1. It definitely is a contrast to today’s society. In a local congregation today everything has to be approved by the voters. It seems only the most practical, and the very needed things make it into the sanctuary. I can convince the voters to spend $10,000 on air conditioning. Not so much for an ornate baptismal font. (well to be honest I haven’t tried that one yet. Too busy at the moment trying to convince them to tear the place down and start over…) I was once put on the carpet at a voters meeting for increasing the budget put aside for communion by insisting that we have communion every Sunday. Like we couldn’t afford an extra $3 dollars a year for the swill they call wine over at Mogen David! Thankfully many more in the congregation saw the infinite value in the forgiveness of sins they get for that $3.
    Then you have Byzantium, no expense spared when it came to worship. Build a church, build it right, so even a 1000 years later people appreciate its beauty. Compare that with the churches that don’t hold aesthetic value for a decade today. Marvelous.

  2. John D says:

    Sumption describes Byzantium’s artifacts as part of a total aesthetic experience, but doesn’t that experience belong to any society? I don’t see much of a contrast to today’s society, or any society.

    And remember that the splendid buildings were built due to the crushing Byzantine tax system. With the Arab conquest (aided by Jewish and Christian collusion), jizya was sometimes an economic relief.

  3. John H says:

    John D: I think Sumption’s point is twofold:

    1. Western art tends to be able to stand on its own, apart from its original context. Byzantine art loses more in the translation to a western art gallery. To put it another way: the Titian and the Rembrandt may not have been painted to go in a public gallery, but they were painted to be looked at, from something of a distance. Icons were painted for different reasons: as a gateway to the Divine; as something to be touched and kissed.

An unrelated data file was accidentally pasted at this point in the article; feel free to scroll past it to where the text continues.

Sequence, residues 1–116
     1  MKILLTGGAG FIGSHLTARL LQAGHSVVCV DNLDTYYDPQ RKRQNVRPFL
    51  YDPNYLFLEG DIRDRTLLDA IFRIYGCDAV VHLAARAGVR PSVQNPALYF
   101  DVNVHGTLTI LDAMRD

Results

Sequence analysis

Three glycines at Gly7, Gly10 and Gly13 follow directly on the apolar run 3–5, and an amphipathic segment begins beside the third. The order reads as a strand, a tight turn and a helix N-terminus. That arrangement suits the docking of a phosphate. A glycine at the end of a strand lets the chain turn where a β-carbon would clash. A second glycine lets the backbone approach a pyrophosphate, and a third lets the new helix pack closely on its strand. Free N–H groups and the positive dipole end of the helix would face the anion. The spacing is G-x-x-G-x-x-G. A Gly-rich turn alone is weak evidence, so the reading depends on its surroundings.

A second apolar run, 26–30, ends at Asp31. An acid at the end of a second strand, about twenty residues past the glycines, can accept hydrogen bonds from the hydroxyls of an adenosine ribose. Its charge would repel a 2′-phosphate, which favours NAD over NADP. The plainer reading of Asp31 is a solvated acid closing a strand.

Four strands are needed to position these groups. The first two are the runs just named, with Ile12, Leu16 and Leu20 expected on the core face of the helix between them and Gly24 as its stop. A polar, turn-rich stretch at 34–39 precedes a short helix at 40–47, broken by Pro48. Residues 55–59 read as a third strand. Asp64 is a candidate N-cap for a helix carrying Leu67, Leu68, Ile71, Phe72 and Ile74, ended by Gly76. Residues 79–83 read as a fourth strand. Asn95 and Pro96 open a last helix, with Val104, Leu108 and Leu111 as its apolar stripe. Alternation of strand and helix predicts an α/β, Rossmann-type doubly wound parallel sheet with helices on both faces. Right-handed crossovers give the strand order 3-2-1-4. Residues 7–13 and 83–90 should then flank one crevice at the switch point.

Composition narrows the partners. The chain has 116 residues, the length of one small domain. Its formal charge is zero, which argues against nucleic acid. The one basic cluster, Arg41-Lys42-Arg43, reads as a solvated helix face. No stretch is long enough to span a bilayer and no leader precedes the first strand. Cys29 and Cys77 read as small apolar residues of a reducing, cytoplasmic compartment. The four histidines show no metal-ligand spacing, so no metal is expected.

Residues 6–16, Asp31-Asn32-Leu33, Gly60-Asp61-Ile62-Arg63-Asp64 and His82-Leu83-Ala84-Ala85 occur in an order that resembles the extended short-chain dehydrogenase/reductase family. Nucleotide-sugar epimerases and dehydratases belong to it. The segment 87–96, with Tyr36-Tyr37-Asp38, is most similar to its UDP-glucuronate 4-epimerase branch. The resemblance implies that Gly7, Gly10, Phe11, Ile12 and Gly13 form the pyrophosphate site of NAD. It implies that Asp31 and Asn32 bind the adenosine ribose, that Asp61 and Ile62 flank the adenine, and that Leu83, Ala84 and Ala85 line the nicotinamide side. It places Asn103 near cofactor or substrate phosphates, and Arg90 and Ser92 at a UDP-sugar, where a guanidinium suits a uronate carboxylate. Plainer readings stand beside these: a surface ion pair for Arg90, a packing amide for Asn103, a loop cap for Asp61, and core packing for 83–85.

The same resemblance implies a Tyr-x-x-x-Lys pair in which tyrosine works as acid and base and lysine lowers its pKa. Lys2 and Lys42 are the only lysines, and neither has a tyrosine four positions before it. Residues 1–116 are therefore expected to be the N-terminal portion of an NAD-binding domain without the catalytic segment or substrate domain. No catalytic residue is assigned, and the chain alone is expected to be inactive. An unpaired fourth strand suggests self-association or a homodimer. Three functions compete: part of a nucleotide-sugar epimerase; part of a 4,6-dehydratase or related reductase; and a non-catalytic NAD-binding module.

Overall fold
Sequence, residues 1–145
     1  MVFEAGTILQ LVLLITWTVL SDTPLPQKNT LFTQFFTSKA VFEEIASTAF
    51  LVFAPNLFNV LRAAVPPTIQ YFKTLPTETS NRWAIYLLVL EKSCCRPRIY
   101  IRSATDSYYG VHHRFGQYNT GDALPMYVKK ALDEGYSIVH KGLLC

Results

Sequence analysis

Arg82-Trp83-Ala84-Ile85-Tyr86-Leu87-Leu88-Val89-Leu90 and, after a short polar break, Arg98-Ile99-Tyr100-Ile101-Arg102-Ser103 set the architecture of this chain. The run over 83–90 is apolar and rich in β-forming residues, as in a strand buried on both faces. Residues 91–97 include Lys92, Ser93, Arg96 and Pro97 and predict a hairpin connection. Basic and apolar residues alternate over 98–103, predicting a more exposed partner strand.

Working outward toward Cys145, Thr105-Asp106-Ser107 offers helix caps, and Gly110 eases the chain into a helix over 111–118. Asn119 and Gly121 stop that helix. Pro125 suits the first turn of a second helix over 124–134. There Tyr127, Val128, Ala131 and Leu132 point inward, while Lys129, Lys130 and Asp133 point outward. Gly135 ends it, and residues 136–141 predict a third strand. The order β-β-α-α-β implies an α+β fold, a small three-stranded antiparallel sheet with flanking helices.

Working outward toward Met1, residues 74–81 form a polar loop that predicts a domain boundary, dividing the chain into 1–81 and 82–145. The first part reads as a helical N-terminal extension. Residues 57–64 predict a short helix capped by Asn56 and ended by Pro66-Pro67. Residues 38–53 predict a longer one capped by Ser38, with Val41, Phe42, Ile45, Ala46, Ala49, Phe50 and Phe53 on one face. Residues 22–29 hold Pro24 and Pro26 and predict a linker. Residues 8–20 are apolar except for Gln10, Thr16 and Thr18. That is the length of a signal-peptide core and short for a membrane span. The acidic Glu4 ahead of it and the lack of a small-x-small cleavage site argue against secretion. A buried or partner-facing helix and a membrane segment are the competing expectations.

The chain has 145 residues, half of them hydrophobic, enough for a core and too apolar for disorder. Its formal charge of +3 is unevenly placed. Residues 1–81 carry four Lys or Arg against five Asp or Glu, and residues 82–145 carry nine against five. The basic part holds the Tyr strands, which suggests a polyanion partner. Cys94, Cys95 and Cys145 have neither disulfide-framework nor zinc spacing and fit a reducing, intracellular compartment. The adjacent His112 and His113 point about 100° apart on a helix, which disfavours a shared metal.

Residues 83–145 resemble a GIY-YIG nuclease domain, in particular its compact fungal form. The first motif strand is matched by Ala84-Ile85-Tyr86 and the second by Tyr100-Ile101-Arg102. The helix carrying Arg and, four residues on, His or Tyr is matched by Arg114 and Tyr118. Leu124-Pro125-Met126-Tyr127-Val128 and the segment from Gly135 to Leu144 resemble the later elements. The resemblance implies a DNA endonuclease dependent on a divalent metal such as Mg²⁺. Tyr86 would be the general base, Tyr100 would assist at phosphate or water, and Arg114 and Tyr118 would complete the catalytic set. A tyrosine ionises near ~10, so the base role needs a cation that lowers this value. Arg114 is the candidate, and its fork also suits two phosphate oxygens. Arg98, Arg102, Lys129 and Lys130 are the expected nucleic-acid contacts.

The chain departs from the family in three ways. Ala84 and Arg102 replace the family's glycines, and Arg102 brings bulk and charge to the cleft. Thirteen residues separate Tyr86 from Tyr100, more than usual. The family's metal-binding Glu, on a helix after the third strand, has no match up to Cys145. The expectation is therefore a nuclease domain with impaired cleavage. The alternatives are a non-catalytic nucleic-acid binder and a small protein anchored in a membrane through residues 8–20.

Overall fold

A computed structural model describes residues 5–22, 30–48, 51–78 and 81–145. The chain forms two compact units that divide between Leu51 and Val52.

(One analogy might be an exhibition of stained glass, viewed in a culture that had never known church buildings: it might look wonderful, be beautifully lit and so on, but those viewing it could find it difficult to appreciate of what it was like to see that glass in situ.)

    2. Even if western art also forms part of a “total aesthetic experience” pervading society – which I think is highly questionable (one of the features of western modernity is the move from an aesthetic society to a technical one) – the point is it’s our “total aesthetic experience”, whereas Byzantine art is part of a different “total aesthetic experience”.

    Can’t comment on the Byzantine tax system as a contrast with that of the Arab and Turkish conquerors: I’m still only 2/3rds of the way through the first volume of the John Julius Norwich series. 🙂

  4. John D says:


    Thanks for the response. Perhaps I’ve misunderstood what “nothing new under the sun” means. And I had not even considered past art that is now in galleries or present art that is made for galleries (galleries are treated as sacred spaces, and, as Roger Scruton observes, a painting’s frame is part of the painting’s isolated aesthetic experience). But my society loves movies; it looks up to (or down at) hierarchies of public officials and public servants; and I can turn on a television to watch red carpet processions of celebrities wearing designer clothes and gaudy cosmetic surgery (Sumption doesn’t mention sports, but Procopius pretty accurately describes football hooliganism). Most of these modern things would be puzzling removed from their context – some of them are puzzling even in their context (which is sometimes the point).

    I noticed something else: Sumption also passes over farmers, peasants, and all other Byzantines not employed by the state – they aren’t even in those imperial chapels!

    As for persecution and collusion: I won’t speak of the Turkish conquests, but look for the Christians of Antioch, the Monophysites and Jews of Damascus, and the Patriarch of Alexandria.